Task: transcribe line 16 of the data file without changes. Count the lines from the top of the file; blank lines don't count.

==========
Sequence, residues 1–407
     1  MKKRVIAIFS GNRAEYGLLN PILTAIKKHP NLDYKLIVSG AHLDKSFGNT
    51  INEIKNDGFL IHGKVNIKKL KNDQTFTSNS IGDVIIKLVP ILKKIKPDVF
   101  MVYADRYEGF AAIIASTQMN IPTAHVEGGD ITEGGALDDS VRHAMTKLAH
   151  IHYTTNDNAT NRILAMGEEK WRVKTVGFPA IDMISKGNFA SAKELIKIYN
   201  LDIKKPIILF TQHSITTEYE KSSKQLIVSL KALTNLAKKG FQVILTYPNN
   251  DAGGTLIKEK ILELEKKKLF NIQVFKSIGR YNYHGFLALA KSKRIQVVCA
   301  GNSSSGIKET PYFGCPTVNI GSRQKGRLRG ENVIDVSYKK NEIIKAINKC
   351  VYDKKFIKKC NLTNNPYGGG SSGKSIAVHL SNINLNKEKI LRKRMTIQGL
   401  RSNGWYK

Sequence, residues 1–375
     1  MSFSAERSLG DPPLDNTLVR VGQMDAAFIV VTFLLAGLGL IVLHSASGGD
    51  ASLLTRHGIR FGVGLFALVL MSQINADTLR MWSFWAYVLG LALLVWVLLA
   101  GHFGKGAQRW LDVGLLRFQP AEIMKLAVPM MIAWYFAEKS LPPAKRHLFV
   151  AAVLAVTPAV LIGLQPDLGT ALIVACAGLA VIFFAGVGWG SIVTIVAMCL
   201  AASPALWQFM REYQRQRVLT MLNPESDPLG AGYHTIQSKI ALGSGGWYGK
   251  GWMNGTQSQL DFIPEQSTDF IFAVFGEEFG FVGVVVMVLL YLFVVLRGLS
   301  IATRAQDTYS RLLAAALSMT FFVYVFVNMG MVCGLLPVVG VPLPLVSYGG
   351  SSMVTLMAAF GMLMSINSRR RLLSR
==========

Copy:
   201  AASPALWQFM REYQRQRVLT MLNPESDPLG AGYHTIQSKI ALGSGGWYGK